Already some of the insights of resistance and resurgence are taking shape within
the artistic periphery of our culture. But there's too much arrogoance, busyness, shame, and deceit taking place for us to hear it with clarity. We're still too moored to the past to give birth to the future. So, we must wait for the Spirit while we groan with sighs too deep for human words. As Brother Leonard told us: I've seen the future, man, and it's murder. 
How, then, shall we live? Our indigenous neighbors suggest what the Hebrew Bible proclaims: exile is real but it is not the end of the story. Look at post WWII Germany that continues to rise up from the ashes of Nazi devastation. By creating and savoring as much beauty as is possible; by grieving what is being lost within and among us; by owning our arrogance and violence; and by listening carefully to those on the periphery who have learned how to renew their souls and communities in the worst of times we, too can mature and overcome. 

For the time being, I believe people of faith must carefully and conscientiously model lament within our grief resistant culture: we must take the unknown path into the darkness trusting that there is light on the other side. For as our tradition teaches: we are to journey by faith not sight. We will need to maintain close contact with those who love us if we're to endure. Solidarity is not an add-on or incidental, but an essential spiritual discipline for our era of lamentation. So, too our periodic feasts and fasts and celebrations that keep us connected to the bigger picture. Other nations and cultures have lived through what we are entering and tell those with ears to hear:

Is not this the fast that I choose: to loose the bonds of injustice,
to undo the straps of the yoke, to let the oppressed go free,
and to break every yoke? Is it not to share your bread with the hungry
and bring the homeless poor into your house; when you see the naked, to cover them and not to hide yourself from your own kin? Then your light shall break forth like the dawn, and your healing shall spring up quickly; your vindicator shall go before you; the glory of the Lord shall be your rear guard. Then you shall call, and the Lord will answer; you shall cry for help, and he will say, “Here I am.” If you remove the yoke from among you, the pointing of the finger, the speaking of evil, if you offer your food to the hungry and satisfy the needs of the afflicted, then your light shall rise in the darkness and your gloom be like the noonday. The Lord will guide you continually and satisfy your needs in parched places and make your bones strong, and you shall be like a watered garden, like a spring of water whose waters never fail. Your ancient ruins shall be rebuilt; you shall raise up the foundations of many generations; you shall be called the repairer of the breach, the restorer of streets to live in.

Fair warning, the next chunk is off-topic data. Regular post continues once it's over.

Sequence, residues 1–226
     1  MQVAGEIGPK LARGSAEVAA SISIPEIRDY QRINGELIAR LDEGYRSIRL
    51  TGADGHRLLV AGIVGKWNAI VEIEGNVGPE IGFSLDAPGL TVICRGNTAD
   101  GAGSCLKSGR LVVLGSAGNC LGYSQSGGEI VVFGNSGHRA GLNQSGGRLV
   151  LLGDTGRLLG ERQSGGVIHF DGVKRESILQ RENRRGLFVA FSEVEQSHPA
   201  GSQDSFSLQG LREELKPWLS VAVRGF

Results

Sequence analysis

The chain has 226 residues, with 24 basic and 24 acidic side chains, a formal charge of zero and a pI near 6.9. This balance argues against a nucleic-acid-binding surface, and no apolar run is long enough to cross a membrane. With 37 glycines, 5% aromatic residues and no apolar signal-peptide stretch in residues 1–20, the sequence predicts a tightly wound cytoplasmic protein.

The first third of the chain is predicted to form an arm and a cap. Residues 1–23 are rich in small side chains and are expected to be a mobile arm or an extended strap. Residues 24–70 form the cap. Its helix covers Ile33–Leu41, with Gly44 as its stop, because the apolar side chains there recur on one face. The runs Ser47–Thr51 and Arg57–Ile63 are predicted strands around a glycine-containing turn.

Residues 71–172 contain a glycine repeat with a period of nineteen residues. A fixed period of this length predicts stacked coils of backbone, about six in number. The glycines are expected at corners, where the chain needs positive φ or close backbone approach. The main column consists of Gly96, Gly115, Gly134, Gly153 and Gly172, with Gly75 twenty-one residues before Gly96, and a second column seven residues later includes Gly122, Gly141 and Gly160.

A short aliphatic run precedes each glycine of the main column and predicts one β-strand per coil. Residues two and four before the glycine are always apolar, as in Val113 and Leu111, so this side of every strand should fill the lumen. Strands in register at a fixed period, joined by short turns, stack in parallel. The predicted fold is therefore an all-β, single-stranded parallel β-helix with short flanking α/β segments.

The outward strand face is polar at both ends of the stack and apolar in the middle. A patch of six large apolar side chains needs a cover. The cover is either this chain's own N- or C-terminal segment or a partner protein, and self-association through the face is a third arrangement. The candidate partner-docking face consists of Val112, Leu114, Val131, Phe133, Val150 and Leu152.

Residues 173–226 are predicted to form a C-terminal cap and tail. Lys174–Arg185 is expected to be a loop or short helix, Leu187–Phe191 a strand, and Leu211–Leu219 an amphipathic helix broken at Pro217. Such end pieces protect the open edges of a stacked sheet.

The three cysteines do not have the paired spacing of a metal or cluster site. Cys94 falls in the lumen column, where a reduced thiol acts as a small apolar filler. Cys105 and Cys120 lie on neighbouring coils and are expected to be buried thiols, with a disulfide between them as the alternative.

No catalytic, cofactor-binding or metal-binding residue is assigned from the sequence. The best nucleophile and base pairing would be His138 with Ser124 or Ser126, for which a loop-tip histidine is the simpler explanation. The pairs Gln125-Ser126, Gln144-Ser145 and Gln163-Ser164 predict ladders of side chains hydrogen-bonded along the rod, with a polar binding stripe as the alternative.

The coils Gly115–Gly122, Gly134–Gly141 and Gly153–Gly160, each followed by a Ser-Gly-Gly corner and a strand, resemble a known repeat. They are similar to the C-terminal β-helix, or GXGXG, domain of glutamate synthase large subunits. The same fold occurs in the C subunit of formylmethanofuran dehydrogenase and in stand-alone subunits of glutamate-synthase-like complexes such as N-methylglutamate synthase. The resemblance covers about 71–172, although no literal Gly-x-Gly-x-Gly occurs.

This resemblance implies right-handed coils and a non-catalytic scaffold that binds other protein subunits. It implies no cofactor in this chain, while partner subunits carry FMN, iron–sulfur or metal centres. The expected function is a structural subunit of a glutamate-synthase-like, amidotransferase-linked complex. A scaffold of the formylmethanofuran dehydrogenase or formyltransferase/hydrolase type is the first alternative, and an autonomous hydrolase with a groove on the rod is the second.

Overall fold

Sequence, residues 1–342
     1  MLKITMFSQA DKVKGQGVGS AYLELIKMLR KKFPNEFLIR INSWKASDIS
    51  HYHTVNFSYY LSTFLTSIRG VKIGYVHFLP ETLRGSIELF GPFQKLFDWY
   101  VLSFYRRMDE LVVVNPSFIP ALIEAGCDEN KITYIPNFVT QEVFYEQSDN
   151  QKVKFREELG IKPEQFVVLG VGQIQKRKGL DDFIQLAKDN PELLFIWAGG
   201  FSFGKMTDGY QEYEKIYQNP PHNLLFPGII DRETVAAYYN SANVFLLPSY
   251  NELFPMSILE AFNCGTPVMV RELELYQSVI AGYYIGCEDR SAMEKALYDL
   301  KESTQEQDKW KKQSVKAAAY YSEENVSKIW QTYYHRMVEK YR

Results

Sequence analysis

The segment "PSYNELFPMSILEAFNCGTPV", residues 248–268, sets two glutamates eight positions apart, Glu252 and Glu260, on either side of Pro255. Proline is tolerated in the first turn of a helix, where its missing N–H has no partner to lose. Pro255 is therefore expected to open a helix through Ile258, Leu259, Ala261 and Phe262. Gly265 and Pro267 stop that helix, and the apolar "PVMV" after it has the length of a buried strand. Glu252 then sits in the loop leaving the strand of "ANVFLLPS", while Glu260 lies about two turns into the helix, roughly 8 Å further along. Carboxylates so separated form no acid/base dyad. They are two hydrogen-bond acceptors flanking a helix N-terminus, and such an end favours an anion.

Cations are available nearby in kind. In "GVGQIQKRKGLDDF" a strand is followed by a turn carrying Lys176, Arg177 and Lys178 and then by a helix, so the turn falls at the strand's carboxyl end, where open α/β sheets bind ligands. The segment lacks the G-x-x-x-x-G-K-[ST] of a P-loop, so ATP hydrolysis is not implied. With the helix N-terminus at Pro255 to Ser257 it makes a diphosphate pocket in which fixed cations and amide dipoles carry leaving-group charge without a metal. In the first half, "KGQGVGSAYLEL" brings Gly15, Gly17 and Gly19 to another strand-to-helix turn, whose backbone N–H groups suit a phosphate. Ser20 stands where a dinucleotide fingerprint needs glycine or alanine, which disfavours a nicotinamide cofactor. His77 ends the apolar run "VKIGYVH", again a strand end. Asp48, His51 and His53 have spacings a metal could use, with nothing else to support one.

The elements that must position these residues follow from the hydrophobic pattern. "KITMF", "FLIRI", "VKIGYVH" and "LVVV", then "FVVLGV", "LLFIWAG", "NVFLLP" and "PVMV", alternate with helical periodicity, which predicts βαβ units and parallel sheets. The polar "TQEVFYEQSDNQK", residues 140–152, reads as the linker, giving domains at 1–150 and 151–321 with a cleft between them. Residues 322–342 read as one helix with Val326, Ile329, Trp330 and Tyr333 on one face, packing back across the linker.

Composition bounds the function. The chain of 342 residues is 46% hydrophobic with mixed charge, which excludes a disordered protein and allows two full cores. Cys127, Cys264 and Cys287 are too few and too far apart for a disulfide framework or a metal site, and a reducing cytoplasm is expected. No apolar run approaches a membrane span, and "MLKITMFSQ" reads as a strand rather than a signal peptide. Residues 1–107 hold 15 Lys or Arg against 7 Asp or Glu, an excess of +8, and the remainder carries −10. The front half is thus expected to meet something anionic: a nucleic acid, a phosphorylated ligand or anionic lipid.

(Isaiah 58)
credits:
1) Holly Van Hadt @ https://hollyvanhart.com/abstract-forest-painting-wandering-in-wonder/
2) Domen Lo @ https://www.artmajeur.com/en/domen-lo/artworks/7929388/the-wandering-eye
3) Flags @ https://flagwix.com/products/canada-us-friendship-american-canadian-flag-thh3749gf/?attribute_size=4x6+ft.&attribute_type=No+Flagpole+Mounting+Rings&gclid=CjwKCAjwyryUBhBSEiwAGN5OCHLQJRYOtHunGYqXuCeLHyGo7kzhTooYfrcif1WlvwxyujwNa7x6XRoC0SIQAvD_BwE
4) lumsden garden
5) First Nations Art @ https://www.mutualart.com/Exhibition/Juncture--First-Nations-Art-at-NERAM/595C75959BE3B7B3
6) Lament @ https://artandtheology.org/tag/lament/
7) George Grosz, Hitler in Hell @ https://www.theartnewspaper.com/2020/01/24/hitler-in-hell-german-historical-museum-acquires-george-grosz-painting
8) Marc Chagall, Isaiah @ https://www.imago-images.com/st/0126166663

Tuesday, May 17, 2022

time to shift gears...?

For the next few weeks I am going to try something different on "Small is Holy."
As a rule, I've been framing my reflections around liturgical prayers. I love good liturgy and celebrate the creative, compassionate, and conscientious innovative liturgies that hail from the Iona, Taize, Celebration, and Corrymeela communities. The flow of such prayers, songs, silences, chants, readiings, and Eucharist evoke both beauty and order in a chaotic world. They ground me in what is important and eternal. Back in the day, my daughters and I would laugh quietly to ourselves whenever various church people would complain that I was being "too creative" and outside the box. They used to say, "Man, Dad, do they not get it! If it was just up to you, we'd be chanting, bowing, bending with ALL the old smells and bells." True enough.